1980s Michael A. Abt, CE 81, joined architecture and engineering firm Barge, Waggoner, Sumner, and Cannon, Inc. as manager of project services for the firm's industrial and building services unit. Gerald V. Trey Anderson III, BC 82, was elected as an officer of the Georgia commercial construction association He is president of Anderson Construction Company in Fort Gaines, Ga Decie Autin (Dorothy Burnett), ChE 80, is a project executive with ExxonMobil working on the Papua New Guinea LNG project. Constantinos A. Balaras, MS ME 85, PhD ME 88, was named vice president of ASHRAE. He is the research director at the Institute for Environmental Research and Sustainable Development, in Athens, Greece. Wayne Haynie, CE 82, was hired as the regional water practice manager in the Atlanta office of Burns & McDonnell. He is a registered professional engineer and serves in the Georgia Association of Water Professionals.



Sue Oltman, EE 83, served as a NOAA teacher at sea studying oceanographic patterns in the eastern tropical Pacific Ocean. SJteve Hopper, IE 86, co-founded StoneCross Group, a supply chain management consulting firm located in Atlanta Antonio McKay Sr., Cls 87, was inducted into the U.S. Track and FieldGeorgia Hall of Fame. He is a two-time national champion, won two gold medals as apart of the 4x400 relay team in the 1984 and 1988 Olympics, and also earned an individual bronze medal in the 400-meter dash in 1984. Sue Oltman, EE 83, served as a NOAA teacher at sea studying oceanographic patterns in the eastern tropical Pacific Ocean. She is a sixth grade teacher at Kittredge Magnet School in Atlanta Liset Robinson, Arch 83, M Arch 85, has been named educator of the year by the International Interior Design Association She is currently an interior design professor at the Savannah College of Art and Design in Atlanta Chuck Shaughnessy, EE 83, vice president of Harris Corporation's LTE business, was appointed to its board

of directors. He was recently featured in a press release from the Telecommunications Industry Association, the leading association representing the manufacturers and suppliers of high-tech communications networks. Charles Nils Smith, EE 85, was promoted to vice president of the signal exploitation and geolocation division at Southwest Research Institute in San Antonio, Texas. Edward Stoner, IM 89, was named the NACAD Athletic Director of the Year. Stoner is the athletics director at the Multnomah Athletic Club in Portland, Ore. Douglas B. Turner, EE 88, is the president and owner of Control Southern Inc., named one of the 50 fastest growing private companiesbytheylflanta Business Chronicle. Bob Wallis, CE 85, opened Macrobatix, an Authorized Apple Retailer and Service Provider in Johns Creek. He was recently featured as the executive profile in the Atlanta Business Chronicle.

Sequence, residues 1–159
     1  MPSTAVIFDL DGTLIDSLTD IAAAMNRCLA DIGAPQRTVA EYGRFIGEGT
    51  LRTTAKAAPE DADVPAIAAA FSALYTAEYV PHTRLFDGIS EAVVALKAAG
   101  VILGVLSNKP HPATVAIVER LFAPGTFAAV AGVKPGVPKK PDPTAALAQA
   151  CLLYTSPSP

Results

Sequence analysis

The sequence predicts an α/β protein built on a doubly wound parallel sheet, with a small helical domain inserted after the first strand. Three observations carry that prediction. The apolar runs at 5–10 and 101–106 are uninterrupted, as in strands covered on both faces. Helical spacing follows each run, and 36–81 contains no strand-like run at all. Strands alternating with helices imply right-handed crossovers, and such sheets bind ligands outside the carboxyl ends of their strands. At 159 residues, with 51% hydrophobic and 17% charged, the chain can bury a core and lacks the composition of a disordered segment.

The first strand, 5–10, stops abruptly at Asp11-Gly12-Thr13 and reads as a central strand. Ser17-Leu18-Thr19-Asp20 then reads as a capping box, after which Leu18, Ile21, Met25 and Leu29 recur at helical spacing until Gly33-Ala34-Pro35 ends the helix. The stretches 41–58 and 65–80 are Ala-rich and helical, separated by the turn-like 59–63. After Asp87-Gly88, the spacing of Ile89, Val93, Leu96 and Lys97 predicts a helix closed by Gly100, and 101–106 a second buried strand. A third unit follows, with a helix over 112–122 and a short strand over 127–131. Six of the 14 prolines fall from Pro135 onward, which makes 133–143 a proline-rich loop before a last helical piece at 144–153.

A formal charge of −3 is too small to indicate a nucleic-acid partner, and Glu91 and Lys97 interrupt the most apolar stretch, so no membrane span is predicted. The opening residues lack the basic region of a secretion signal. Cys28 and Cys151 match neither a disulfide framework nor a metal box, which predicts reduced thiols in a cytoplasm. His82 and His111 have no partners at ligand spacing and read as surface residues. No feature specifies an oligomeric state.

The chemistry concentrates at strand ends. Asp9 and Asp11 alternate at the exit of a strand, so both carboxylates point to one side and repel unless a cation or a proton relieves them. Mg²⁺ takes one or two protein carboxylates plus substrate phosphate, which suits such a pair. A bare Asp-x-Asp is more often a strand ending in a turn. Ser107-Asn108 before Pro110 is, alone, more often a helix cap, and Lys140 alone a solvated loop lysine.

Scogin and Elam Nab National Design Award In July, some of the finest minds in the design world gathered at the White House for a luncheon honoring the winners of the 2012 National Design Awards. In a ceremony presided over by first lady Michelle Obama and Smithsonian Institution Secretary G. Wayne Clough, CE 63, MS CE 65, Tech grads Mack Scogin, Arch 67, and Merrill Elam, Arch 71â&#x20AC;&#x201D;a husband-and-wife team of architectsâ&#x20AC;&#x201D;were among the year's honorees, recognized for their "diverse body of work ... uniquely characterized by profound rigor tempered by childlike innocence." Scogin and Elam have collaborated for more than four decades, their work often bridging disciplines and mediums. The National Design Awards are sponsored by the Smithsonian's Cooper-Hewitt Design Museum. Clough served as president of the Institute from 1994 to 2008.